- One of just 554 produced for 1957
- Spectacular performance for the era
- Offered with Baisch fitted luggage
- Fuel injection system recently rebuilt by a marque expert
The spectacular Mercedes-Benz 300 SL Gullwing was in production for three years, during which just 1,400 cars – not including racers and prototypes – were built largely by hand in Stuttgart’s highest luxury car traditions. Despite the low volume, Daimler-Benz was sufficiently convinced of the value of an expensive sports car as part of its model lineup to develop an improved roadster version.
When Max Hoffman, the U.S. distributor for Mercedes-Benz, convinced Daimler-Benz in 1953 to put a customer version of the astounding and successful 300 SL race car into production, the distinctive gullwing doors and comfort of a closed cabin led the product planners to decide that the first version to be introduced would be the “Gullwing” coupe. The speed with which that first prototype was to make its way to the New York Armory show and into dealer showrooms meant that shortcuts had to be taken, so almost immediately after production began for the coupe, design work began on a roadster version with the goal of correcting the flaws of the coupe.
In particular, Hoffman believed that U.S. demand, especially on the West Coast, would be much stronger for a roadster that offered the pleasures of top-down motoring. Hoffman’s appraisal proved prescient; after good sales of just over Hoffman’s commitment of 1,000 units in 1955, the first full year of production, Gullwing sales dropped to only 311 in 1956, and production was terminated in mid-1957 with 1,400 units sold.
The most obvious area in need of improvement from the coupe was the tube frame that dictated high, wide sills under the doors, requiring drivers and passengers to execute an acrobatic entry and exit. Dealers would even have one of their female staff members provide instructions in private to ladies taking delivery to show them how to get in and out of the car in the most ladylike way possible. By adding diagonal struts to brace the lowered side sections and strengthening the many of the mainframe tubes, the engineers were able to maintain torsional rigidity in the roadster while lowering the center connections below the doors. Larger doors in a traditional shape were added to make access easier as well as to permit the use of roll-up windows, which also alleviated hot and stuffy conditions on warm days.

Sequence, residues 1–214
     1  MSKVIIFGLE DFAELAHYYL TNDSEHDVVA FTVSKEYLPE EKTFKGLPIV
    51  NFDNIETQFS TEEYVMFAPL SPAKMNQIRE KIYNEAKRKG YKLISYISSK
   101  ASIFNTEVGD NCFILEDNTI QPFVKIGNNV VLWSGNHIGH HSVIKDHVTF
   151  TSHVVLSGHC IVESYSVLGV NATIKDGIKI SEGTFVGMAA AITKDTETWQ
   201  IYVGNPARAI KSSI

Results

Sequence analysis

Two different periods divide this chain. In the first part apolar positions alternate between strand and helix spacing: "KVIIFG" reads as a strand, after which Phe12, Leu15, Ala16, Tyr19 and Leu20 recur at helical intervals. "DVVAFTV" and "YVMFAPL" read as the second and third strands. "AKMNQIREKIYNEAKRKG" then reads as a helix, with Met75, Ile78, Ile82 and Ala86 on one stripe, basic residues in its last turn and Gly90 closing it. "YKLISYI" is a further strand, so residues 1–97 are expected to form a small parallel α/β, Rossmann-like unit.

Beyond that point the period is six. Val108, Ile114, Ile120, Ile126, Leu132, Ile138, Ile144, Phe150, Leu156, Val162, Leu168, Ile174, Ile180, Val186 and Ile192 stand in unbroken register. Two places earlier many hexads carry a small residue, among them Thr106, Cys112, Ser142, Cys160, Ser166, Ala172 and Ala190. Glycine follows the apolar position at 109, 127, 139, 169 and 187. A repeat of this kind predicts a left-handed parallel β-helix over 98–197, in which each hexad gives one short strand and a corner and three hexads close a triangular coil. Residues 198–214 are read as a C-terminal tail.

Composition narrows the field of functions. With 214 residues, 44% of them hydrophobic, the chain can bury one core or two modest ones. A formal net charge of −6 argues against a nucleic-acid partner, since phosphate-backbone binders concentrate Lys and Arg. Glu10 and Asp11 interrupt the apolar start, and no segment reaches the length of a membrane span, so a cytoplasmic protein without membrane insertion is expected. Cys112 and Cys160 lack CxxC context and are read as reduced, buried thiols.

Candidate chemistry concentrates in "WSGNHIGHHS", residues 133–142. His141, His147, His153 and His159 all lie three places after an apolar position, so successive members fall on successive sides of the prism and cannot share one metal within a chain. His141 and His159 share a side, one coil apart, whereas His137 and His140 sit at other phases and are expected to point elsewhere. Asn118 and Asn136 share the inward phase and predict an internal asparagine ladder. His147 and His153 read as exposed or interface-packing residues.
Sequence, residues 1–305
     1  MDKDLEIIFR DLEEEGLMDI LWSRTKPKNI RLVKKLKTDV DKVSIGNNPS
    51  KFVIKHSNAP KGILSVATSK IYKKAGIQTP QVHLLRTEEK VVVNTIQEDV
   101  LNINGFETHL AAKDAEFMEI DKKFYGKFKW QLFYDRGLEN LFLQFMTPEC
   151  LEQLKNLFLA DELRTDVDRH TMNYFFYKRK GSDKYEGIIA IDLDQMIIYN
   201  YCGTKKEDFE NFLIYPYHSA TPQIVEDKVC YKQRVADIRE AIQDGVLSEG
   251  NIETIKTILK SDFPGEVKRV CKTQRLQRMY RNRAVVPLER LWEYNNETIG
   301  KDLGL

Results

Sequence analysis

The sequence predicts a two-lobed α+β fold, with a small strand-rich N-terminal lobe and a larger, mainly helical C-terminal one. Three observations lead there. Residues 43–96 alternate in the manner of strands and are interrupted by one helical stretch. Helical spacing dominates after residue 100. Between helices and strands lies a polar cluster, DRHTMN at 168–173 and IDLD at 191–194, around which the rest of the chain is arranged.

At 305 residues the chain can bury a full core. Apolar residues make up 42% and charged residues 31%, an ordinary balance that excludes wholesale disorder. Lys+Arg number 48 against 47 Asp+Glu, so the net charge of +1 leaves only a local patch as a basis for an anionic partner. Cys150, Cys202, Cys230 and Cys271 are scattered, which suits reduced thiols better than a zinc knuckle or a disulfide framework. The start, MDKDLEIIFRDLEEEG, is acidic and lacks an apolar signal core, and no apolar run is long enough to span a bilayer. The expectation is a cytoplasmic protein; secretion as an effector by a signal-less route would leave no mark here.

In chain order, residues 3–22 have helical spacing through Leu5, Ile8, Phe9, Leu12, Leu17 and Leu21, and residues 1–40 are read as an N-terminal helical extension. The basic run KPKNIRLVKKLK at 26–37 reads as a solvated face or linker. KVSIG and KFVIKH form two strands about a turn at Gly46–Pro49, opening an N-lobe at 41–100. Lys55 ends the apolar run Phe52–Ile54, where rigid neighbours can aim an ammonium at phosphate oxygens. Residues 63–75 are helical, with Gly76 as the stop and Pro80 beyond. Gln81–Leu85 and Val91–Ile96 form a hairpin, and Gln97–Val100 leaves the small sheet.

Due to the geometry of the rear end that had been adapted from the W186 chassis of the larger 300 sedans, the coupes also had a penchant for bump oversteer. To counter this problem, the roadster chassis used the single-pivot swing-axle rear suspension adapted from the 220a sedans, with a coil spring mounted transversely above the differential linked to the axles by vertical struts. If a rear wheel hit a bump while cornering, this additional spring would compress, stiffening that rear corner and mitigating oversteer. The changes to the frame and suspension also allowed the installation of softer coil springs, providing the roadsters with a more compliant and comfortable ride without affecting the sporty handling.
Performance was improved with several changes from the coupe. Engine compression was increased to take advantage of 100-octane gasoline becoming available, and the sports camshaft became standard, which increased horsepower by 25 to offset the 250 lbs. of additional weight of the roadster.
All in all, the roadsters sold well from introduction in 1957 to conclusion of production in 1963, with a total of 1,858 units sold.
The car offered here had previously been entered in the Copperstate 1000 in the early 2000s and again in 2008, without incident. It more recently received a professional, body-off, nut-and-bolt restoration, completed by Bruce Kelly of Minnesota’s Lake Country Classics in classic Silver over a red leather interior, with a contrasting black convertible top, N.O.S. Rudge-type knock-off wheels, and fitted Karl Baisch luggage, as well as proper books and tools. Adding his knowledge and detail to the project was 300 SL authority and SL Market Letter owner John Olson, who served as a consultant.
Both correct and very presentable, this lovely SL belies the age of its restoration and is perhaps the ideal candidate for touring, where it is eligible for countless events.